My youngest recently had a dramatic exit from the bathroom after being surprised by a house centipede. He wanted to know why this “spider” had so many legs. Mostly he wanted to know what it would take for dad to get that thing out of his life for good. I, of course, focused not on the first part of his emotional inquiry. What are all these legs for?
Why So Many Centipede Legs?
The number of legs will vary from 10 to over 100 depending on the species. Centipedes are part of the Myriapoda subphylum which is a group of many segmented animals. By having at least one pair of legs per segment, centipedes can have a propulsion limb for each segment. This is a handy feature for a predatory arthropod that wants to chase its prey:
- under rocks
- into tight cracks and crevices
- around corners
The centipede can bend itself into a z shape and keep forward progress without hesitation.
Does It Have Antennae on Both Ends?
The house centipede has long, fine antennae coming off of its head. These antennae seem to be mirrored by the hind legs. This is especially true for those that relate to my 7 year old who does not wish to bask in the presence of the centipede taking in its beautiful corporal construction.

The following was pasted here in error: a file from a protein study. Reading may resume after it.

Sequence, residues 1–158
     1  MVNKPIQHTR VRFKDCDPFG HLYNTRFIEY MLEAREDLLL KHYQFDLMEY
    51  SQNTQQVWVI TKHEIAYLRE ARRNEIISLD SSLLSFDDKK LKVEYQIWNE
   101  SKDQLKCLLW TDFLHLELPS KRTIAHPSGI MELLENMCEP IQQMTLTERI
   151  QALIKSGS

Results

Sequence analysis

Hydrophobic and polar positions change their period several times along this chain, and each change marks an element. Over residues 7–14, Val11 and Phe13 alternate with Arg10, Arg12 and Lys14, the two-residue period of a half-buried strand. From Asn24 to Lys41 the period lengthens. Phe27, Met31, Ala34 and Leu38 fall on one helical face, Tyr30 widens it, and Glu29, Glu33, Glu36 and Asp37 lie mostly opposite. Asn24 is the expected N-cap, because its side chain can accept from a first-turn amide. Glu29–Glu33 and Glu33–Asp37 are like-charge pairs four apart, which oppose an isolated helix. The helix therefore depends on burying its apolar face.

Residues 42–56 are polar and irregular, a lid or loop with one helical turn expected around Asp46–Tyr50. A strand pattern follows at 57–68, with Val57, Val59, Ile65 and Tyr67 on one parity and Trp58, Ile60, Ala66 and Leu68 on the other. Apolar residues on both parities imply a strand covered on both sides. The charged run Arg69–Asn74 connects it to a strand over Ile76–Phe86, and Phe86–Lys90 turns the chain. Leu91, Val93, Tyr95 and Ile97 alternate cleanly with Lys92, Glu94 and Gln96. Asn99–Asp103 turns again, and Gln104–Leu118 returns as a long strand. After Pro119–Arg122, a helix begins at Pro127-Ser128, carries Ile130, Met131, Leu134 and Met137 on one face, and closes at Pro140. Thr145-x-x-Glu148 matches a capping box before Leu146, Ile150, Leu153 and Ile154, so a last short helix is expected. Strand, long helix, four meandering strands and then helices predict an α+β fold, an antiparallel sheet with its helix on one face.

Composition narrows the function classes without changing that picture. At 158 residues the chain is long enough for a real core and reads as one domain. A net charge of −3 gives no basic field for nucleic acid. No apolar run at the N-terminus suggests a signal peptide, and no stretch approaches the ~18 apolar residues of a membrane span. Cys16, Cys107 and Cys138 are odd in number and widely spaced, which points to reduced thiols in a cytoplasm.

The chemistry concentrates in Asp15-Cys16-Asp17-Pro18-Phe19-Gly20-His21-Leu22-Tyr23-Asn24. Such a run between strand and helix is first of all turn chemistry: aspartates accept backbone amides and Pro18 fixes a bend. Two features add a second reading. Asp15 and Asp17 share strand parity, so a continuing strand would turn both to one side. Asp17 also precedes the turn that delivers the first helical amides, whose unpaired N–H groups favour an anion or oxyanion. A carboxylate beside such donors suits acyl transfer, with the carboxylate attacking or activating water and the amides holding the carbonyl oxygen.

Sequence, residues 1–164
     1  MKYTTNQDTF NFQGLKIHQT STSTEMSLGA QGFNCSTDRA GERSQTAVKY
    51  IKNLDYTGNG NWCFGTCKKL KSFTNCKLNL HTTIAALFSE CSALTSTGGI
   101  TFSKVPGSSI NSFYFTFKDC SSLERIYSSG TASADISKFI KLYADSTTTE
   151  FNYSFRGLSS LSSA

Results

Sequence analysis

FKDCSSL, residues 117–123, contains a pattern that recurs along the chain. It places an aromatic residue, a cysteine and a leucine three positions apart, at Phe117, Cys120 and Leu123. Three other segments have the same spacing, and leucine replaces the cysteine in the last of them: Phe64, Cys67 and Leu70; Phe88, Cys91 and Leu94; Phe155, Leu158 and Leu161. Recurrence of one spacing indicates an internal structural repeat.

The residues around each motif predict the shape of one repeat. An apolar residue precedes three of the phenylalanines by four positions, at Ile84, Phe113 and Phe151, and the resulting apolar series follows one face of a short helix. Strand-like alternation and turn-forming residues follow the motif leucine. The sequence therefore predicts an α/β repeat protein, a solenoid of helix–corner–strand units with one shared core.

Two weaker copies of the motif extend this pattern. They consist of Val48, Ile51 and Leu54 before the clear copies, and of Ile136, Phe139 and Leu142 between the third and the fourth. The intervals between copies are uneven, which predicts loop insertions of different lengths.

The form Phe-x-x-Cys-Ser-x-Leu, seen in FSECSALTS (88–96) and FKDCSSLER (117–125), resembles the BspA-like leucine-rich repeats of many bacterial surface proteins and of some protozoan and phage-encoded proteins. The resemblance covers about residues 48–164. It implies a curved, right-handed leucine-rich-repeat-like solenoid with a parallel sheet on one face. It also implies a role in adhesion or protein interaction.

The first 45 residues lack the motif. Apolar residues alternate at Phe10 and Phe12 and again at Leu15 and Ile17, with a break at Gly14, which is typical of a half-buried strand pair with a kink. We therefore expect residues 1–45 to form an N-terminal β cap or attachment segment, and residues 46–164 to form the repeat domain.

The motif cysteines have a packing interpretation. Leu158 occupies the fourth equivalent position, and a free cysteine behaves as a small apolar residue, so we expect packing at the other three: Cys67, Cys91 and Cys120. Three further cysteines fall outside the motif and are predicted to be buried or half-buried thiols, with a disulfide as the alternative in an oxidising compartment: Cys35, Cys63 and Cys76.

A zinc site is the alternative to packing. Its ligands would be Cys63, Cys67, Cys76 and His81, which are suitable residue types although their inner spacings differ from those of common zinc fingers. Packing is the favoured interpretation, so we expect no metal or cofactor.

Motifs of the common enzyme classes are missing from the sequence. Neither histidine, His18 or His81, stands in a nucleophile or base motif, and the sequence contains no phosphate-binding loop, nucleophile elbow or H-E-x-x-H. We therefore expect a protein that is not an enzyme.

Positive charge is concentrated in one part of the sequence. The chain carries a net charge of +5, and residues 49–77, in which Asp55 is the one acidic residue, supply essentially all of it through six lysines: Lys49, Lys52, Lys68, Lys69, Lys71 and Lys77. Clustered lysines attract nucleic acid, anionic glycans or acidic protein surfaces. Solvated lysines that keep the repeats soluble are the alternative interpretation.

For those that do wish to take a closer look, you will notice the same striped color pattern on the hind legs as the rest of the legs that do not appear on the antennae. These extra long hind legs are used to capture – effectively lassoing – its prey so it can curl its body around and consume it.
All Legs But Little Bite
The house centipede may have way more legs than we want to observe or imagine scurrying through our houses and businesses, but its bite is not of major concern to humans. It has a bite that can inject poison into its prey. Fortunately for us, the poison is too weak to kill even the smallest of humans. Also, their jaws are pretty weak compared to our thick skin. It is a lot more work than a centipede wants to put in to penetrate human skin. These kinds of bites would likely only occur under duress such as defense when escape seemed impossible.
Decreasing the Number of Legs
Controlling centipedes has 4 major parts to consider:
- Reduce moisture
- Eliminate harborage
- Minimize the available food for them to follow into your home or business
- Apply direct control measures such as exclusion and barrier applications
If you relate at all to my son’s experience with house centipedes, you would rather wave bye-bye from afar and have someone trained in the world of pests do the removal and prevention for you. Fortunately for you, the Myriapoda experts at Rove Pest Control have the tools and knowledge to take this leg of your journey off your plate so you can focus on the next.